[See also Multipartite Treaties at page 631.)

NICARAGUA (Nationality convention signed at Managua, December 7, 1908; ratification advised by the Senate, January 21, 1909; ratified by the President, March 1, 1909; ratified by Nicaragua, March 28, 1912; ratifications exchanged at Managua, March 28, 1912; proclaimed, May 10, 1912.]

ARTICLE I 1. Citizens of the United States who have been or may be voluntarily naturalized in Nicaragua in conformity with the laws thereof, shall be considered and treated by the Government of the United States as citizens of Nicaragua.

2. Reciprocally, citizens of Nicaragua who have been or may be voluntarily naturalized in the United States in conformity with the laws thereof, shall be considered and treated by the Government of Nicaragua as citizens of the United States.

ARTICLE II 1. If a citizen of the United States naturalized in Nicaragua renews his residence in the United States without the intention to

return to Nicaragua, it shall be considered that he has renounced his citizenship in Nicaragua.

2. Reciprocally, if a citizen of Nicaragua naturalized in the United States renews his residence in Nicaragua without intention to return to the United States it shall be deemed that he has renounced his citizenship in the United States.

3. The intention not to return shall be deemed to exist when a person naturalized in one of the two countries resides for more than two years continuously in the other country; however, such presumption may be destroyed by evidence to the contrary.

ARTICLE III A mere declaration of intention to become naturalized in either country shall not, in either country, have the effect of legally acquired citizenship.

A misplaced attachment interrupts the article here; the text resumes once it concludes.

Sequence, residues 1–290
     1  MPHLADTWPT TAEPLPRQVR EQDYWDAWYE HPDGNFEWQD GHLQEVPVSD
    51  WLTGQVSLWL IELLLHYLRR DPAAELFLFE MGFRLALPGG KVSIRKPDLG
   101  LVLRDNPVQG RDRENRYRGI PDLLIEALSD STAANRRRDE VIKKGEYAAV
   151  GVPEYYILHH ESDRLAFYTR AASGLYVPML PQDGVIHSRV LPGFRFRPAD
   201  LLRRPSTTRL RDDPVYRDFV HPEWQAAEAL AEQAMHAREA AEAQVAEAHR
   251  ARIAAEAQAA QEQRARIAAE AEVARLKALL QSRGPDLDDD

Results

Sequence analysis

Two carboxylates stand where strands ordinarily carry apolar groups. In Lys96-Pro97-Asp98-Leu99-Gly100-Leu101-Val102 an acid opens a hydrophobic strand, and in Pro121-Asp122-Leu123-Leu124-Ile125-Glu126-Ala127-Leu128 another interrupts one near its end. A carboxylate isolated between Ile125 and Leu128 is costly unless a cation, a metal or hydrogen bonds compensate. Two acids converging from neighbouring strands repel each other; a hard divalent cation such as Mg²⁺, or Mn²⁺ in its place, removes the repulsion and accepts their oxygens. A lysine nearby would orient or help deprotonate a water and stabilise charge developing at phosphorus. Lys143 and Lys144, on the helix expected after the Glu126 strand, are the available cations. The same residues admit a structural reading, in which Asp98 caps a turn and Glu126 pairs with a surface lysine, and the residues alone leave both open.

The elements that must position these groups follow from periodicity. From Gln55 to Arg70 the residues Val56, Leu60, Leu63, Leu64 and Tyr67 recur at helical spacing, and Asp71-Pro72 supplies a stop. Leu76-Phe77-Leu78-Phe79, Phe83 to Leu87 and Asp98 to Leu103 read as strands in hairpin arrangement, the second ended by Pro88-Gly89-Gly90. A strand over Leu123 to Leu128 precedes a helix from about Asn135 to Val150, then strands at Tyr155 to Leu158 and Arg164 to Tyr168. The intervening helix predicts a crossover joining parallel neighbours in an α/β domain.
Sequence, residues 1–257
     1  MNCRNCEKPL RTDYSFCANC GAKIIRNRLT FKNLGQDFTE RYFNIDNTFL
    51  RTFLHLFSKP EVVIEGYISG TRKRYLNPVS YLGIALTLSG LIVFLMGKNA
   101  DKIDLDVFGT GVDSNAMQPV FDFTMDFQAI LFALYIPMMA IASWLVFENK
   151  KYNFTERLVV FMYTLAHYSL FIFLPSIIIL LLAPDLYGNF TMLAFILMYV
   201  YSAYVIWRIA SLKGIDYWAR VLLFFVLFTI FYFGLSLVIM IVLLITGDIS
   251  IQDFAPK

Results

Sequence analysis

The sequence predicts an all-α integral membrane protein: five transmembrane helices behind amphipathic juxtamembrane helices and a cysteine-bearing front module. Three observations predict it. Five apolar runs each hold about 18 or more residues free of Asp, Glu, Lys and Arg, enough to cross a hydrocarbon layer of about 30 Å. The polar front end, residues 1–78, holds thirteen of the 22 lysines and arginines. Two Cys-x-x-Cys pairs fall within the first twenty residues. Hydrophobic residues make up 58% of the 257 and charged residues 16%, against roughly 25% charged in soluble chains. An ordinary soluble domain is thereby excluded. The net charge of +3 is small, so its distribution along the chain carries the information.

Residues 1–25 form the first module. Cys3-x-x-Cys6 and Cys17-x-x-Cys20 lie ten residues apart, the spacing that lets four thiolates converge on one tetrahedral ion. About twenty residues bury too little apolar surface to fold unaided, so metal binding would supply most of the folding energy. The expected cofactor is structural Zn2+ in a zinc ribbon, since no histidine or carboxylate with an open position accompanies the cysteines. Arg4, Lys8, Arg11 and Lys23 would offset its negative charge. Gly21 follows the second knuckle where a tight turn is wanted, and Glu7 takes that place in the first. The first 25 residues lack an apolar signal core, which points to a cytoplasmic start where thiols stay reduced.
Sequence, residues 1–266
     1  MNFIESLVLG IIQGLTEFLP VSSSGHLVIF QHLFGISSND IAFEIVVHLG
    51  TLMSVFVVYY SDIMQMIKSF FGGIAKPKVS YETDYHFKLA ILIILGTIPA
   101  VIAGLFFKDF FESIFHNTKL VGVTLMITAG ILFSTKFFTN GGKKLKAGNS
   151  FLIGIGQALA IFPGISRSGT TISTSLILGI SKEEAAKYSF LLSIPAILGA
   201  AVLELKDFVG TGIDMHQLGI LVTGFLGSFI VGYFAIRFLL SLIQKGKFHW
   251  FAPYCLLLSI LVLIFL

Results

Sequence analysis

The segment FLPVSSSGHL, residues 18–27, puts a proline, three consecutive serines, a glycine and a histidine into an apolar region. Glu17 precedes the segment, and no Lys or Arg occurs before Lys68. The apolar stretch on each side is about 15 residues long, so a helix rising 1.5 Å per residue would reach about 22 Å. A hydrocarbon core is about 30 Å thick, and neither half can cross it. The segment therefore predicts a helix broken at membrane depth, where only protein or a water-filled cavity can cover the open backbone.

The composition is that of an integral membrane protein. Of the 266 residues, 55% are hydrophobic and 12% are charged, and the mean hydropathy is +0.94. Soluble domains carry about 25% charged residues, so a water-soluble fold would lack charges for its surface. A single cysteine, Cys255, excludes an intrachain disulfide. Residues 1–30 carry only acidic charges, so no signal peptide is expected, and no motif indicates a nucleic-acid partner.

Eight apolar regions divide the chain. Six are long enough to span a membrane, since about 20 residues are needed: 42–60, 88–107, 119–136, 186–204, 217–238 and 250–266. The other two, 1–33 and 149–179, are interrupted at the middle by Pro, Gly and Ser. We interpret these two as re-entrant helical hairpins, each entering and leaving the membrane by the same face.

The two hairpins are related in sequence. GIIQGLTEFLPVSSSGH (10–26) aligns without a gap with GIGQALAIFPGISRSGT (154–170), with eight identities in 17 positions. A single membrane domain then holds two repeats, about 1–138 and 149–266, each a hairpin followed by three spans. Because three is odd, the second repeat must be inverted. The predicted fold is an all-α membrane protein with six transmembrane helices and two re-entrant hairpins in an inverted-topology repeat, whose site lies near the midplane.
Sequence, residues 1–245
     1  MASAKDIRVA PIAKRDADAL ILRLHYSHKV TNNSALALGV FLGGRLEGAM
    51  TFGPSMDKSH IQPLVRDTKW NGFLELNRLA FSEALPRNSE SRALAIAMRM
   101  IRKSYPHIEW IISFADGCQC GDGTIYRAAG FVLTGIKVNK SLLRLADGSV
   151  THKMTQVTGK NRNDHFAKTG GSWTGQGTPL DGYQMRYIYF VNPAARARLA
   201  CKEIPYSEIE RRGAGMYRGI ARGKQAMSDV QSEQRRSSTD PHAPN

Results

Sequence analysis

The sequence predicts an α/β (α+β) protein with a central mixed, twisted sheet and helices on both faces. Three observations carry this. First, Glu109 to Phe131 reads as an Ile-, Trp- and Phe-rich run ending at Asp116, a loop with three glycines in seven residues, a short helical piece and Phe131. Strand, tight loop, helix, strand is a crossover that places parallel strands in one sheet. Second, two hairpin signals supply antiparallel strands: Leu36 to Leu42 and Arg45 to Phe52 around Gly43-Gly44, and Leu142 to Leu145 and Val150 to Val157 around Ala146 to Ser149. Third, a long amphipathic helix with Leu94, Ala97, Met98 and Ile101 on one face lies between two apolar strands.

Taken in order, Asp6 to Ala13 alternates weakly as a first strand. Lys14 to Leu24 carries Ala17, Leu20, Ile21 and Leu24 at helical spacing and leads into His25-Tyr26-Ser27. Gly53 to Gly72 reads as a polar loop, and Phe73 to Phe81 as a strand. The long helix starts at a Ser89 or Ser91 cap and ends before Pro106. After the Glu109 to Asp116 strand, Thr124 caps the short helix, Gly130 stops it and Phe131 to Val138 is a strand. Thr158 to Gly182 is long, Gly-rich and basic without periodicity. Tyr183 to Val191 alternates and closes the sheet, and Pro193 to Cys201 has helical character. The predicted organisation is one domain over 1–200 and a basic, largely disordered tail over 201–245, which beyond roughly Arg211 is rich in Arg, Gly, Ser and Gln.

ARTICLE IV Citizens naturalized in one of the two countries and returning to the country of their origin shall be subject to trial and punishment in the latter for any punishable act committed before their emigration, but not for the act of emigrating itself, always excepting cases of limitation or any other remission of liability.

ARTICLE V It is agreed between both parties to define the word "citizenship’, as used in this Convention, to mean the status of a person possessing the nationality of the United States or Nicaragua. (37 Stat. (pt. 2), 1560; Treaty Series, No. 566; Redmond, Treaties, III, 2738; Charles, Treaties, III, 95.)

[See also Multipartite Treaties at page 631.)

NORWAY

EXEMPTION FROM MILITARY SERVICE OR OTHER ACT OF ALLEGIANCE OF

PERSONS HAVING DUAL NATIONALITY (Signed at Oslo, November 1, 1930; ratification advised by the Senate of the United States, December 20, 1930; ratified by the President of the United States, December 31, 1930; ratified by Norway, December 19, 1930; ratifications exchanged at Washington, February 11, 1931; proclaimed by the President of the United States, February 12, 1931.)

ARTICLE I

A person born in the territory of one party of parents who are nationals of the other party, and having the nationality of both parties under their laws, shall not, if he has his habitual residence, that is, the place of his general abode, in the territory of the state

This Treaty was negotiated in pursuance of the joint resolution of Congress approved May 28, 1928, reading as follows:

"That the President be, and he is hereby, respectfully requested to endeavor as soon as possible to negotiate treaties with the remaining nations with which we have no such agreement, providing that persons born in the United States of foreign parentage, and naturalized American citizens, shall not be held liable for military service or any other act of allegiance during a stay in the territory subject to the jurisdiction of any such nation while citizens of the United States of America under the laws thereof." (45 Stat. 789.)

of his birth, be held liable for military service or any other act of allegiance during a temporary stay in the territory of the other party.

Provided, that, if such stay is protracted beyond the period of two years, it shall be presumed to be permanent, in the absence of sufficient evidence showing that return to the territory of the other party will take place within a short time. (46 Stat. (pt. 2), 2904; Treaty Series, No. 832; Trenwith, Treaties, IV, 4542; 112 League of Nations Treaty Series, p. 399.) [See also "Sweden and Norway," p. 628, convention and protocol between the United